Filmsite Movie Review
The Apartment (1960)
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Plot Synopsis (continued)

Later, Fran asks Bud to open up the envelope - that contains nothing but a one hundred dollar bill. She requests that it be returned to her exploitative, conniving lover: "Will you see that Mr. Sheldrake gets it?" For "togetherness," Bud suggests that they play a competitive game of gin rummy, but she is possessed by sorrow over her recent emotional exploitation:

Fran: I think I'm going to give it all up.
Bud: Give what up?
Fran: Why do people have to love people, anyway?
Bud: Yeah, I know what you mean. (He deals and then flips over a card) Queen.
Fran: I don't want it.
Bud: Pick a card.
Fran: What do you call it when somebody keeps getting smashed up in automobile accidents?
Bud: A bad insurance risk?
Fran: That's me with men. I was jinxed from the word go - the first time I was ever kissed was in a cemetery.
Bud: A cemetery?
Fran: I was fifteen. We used to go there to smoke. His name was George. And he threw me over for a drum majorette.
Bud: Gin. (He spreads out his winning hand and then adds up the points) Thirty-six and twenty-five. That's sixty-one and two boxes. (He writes the score on a pad)
Fran: I just have this talent for falling in love with the wrong guy in the wrong place at the wrong time.
Bud: (shuffling the deck) How many guys were there?
Fran: (holding up four fingers, a gesture he made earlier) Three. The last one was the manager of a finance company, back home in Pittsburgh. They found a little shortage in his accounts, but he asked me to wait for him. He'll be out in 1965.
Bud: (placing the deck in front of her) Cut. (He begins dealing another hand)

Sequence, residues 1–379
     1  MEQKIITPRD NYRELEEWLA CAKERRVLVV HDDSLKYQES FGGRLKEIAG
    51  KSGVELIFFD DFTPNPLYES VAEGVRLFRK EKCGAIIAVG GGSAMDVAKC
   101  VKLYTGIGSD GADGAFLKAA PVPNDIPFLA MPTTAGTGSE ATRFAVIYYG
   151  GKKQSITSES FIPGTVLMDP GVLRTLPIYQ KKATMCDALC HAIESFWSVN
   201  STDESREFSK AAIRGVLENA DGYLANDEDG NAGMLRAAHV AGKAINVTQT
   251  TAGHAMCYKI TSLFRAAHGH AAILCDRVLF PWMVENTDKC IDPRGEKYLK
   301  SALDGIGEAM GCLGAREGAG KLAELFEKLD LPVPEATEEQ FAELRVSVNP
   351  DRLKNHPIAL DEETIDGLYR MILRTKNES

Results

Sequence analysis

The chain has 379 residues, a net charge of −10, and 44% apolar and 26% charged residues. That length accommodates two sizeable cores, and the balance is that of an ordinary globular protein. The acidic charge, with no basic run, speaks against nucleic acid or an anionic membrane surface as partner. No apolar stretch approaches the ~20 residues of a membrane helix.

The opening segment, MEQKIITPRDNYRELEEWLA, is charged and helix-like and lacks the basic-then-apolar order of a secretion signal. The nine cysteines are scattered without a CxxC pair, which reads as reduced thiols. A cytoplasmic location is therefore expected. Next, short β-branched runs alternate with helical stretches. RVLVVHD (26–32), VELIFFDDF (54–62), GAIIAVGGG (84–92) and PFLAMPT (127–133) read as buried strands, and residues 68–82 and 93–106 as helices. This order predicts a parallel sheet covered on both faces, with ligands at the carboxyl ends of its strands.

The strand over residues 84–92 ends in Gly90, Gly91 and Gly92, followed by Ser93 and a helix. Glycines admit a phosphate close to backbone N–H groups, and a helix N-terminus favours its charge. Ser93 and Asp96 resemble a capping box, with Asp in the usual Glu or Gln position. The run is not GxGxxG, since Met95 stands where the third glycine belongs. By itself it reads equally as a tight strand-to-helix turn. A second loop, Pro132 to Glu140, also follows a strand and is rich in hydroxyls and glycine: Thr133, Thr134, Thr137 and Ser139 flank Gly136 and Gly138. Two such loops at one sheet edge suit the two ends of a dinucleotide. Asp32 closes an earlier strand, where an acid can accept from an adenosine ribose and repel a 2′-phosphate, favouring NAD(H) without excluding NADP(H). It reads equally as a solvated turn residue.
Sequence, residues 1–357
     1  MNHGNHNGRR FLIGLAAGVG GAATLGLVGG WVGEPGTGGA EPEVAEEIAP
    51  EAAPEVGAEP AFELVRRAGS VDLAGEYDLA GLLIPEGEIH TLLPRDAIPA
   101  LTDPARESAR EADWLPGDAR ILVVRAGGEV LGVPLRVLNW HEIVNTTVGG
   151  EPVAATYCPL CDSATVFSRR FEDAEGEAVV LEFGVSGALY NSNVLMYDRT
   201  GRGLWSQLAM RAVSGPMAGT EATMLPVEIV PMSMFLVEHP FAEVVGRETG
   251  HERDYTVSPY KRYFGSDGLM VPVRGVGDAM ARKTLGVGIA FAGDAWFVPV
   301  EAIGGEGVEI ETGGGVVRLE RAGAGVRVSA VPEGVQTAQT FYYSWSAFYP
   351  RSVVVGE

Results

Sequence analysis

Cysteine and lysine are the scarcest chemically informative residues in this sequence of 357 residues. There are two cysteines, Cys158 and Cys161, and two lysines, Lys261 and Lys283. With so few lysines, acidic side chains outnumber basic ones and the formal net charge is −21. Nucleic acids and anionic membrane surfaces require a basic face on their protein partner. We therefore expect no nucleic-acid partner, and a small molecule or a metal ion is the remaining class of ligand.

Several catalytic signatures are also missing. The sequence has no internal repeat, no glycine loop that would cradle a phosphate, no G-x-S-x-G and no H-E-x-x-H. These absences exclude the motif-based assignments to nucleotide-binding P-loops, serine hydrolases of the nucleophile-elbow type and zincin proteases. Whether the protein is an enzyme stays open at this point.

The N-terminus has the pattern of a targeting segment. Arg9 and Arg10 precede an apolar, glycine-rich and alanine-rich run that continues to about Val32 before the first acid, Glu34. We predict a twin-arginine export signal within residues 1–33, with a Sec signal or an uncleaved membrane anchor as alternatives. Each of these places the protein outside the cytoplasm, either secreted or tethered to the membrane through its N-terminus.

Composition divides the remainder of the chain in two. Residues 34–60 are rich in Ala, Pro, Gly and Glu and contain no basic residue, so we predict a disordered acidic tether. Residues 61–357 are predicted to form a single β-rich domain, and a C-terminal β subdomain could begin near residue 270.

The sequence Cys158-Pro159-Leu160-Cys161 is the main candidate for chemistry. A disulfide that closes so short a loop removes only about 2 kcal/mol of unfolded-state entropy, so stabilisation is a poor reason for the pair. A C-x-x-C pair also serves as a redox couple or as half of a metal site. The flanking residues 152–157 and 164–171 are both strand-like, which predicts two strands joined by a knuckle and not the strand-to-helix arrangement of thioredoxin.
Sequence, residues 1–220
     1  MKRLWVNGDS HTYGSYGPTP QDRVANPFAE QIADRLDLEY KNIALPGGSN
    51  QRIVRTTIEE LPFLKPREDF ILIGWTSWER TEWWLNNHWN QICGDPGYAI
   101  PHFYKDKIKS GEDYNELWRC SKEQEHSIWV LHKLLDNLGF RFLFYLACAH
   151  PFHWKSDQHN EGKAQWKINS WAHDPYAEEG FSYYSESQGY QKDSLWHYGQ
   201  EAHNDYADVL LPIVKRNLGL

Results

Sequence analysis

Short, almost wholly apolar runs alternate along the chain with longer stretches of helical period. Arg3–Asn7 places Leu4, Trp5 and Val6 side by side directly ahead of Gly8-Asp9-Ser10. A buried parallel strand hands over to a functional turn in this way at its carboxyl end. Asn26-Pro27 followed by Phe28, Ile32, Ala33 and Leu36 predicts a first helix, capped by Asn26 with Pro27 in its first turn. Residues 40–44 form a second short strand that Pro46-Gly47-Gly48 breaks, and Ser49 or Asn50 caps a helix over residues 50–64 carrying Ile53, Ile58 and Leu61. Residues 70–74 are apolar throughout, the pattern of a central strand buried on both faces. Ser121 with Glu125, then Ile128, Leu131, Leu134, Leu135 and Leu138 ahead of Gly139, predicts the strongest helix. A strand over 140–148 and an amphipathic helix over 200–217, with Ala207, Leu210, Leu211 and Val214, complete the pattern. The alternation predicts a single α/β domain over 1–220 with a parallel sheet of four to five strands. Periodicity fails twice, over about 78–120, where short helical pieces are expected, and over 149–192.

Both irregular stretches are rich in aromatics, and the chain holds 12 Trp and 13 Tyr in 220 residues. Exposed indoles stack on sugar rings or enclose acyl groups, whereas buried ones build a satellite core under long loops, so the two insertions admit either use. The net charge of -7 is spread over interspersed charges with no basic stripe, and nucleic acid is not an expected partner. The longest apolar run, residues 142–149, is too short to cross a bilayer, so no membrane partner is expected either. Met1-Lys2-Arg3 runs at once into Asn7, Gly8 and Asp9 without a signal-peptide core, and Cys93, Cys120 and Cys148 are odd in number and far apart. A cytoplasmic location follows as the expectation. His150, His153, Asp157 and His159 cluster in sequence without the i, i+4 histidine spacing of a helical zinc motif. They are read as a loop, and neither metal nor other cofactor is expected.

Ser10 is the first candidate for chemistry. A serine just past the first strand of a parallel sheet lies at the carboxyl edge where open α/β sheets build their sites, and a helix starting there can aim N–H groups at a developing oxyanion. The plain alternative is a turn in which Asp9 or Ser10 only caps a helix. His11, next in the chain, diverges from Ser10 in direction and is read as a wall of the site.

Fran: So I came to New York and moved in with my sister and her husband. He drives a cab. And they sent me to secretarial school, and then I applied for a job at Consolidated, but I flunked the typing test.
Bud: Too slow?
Fran: No, I can type up a storm. I just can't spell. So they gave me a pair of white gloves and stuck me in an elevator. And that's how I met Jeff. (Her eyes mist up and she puts her cards down) Oh God, I'm so fouled up. What am I gonna do now?
Bud: You better win a hand. You're on a blitz.
Fran: Was he very upset when you told him?
Bud: Mr. Sheldrake? Yeah. Very.
Fran: Maybe he does love me - only he doesn't have the nerve to tell his wife.
Bud: I'm sure that's the explanation.
Fran: You really think so?
Bud: No doubt about it.
Fran: Would you hand me that pad and pencil? (She sets down her cards, and he obligingly passes her the pad and pencil)
Bud: What for?
Fran: I'm going to write a letter to Mrs. Sheldrake.
Bud: You what?
Fran: As one woman to another, I'm sure she'll understand.
Bud: (He grabs back the pad and pencil) I don't think that's a very good idea, Miss Kubelik.
Fran: Why not?
Bud: Well, for one thing, you can't spell. And secondly, if you did something like that, you'd hate yourself.
Fran: I don't like myself very much anyway.
Bud: Pick up your cards and let's go.
Fran: Do I have to?
Bud: You bet. I got a terrific hand. (She picks up a card and then discards) You really want to discard that?
Fran: Sure.
Bud: Gin. (He shows his cards and again adds up the points) Fifty-two and twenty-five. That's seventy-seven. Spades is double. A hundred and fifty-four and four boxes. Blitzed in two games.

She falls asleep as he starts to shuffle again - he notices her drowsiness, rises, and pulls the blanket up over her. When Kirkeby and Sylvia arrive for their four o'clock reservation with a bucket of iced champagne, Bud dismisses them, but not before Kirkeby notices Fran's dress hanging on the bedroom door - he slyly comments: "You have yourself a little playmate, huh?...Well, I don't blame you. So you hit the jackpot, hey kid. I mean, Kubelik-wise."

Still morose about her predicament, Fran dreamily asks Bud:

Fran: Why can't I ever fall in love with somebody nice like you?
Bud: Yeah, well, that's the way it crumbles, cookie-wise.

The day after Christmas, Sheldrake fires Miss Olsen with a month's severance pay, "for giving that little pep talk to Miss Kubelik at the office party" about his philandering. She has suffered through four years of a parade of her successors: "You let me go four years ago, Jeff. Only you were cruel enough to make me sit out there and watch the new models pass by." Sheldrake phones Bud and unconvincingly asks how he could assist - concerned about a possible scandal: "Put yourself in my place, Baxter. How can I help her? My hands are tied." Weak and emotionally fragile, Fran reluctantly agrees to speak to Sheldrake on the phone: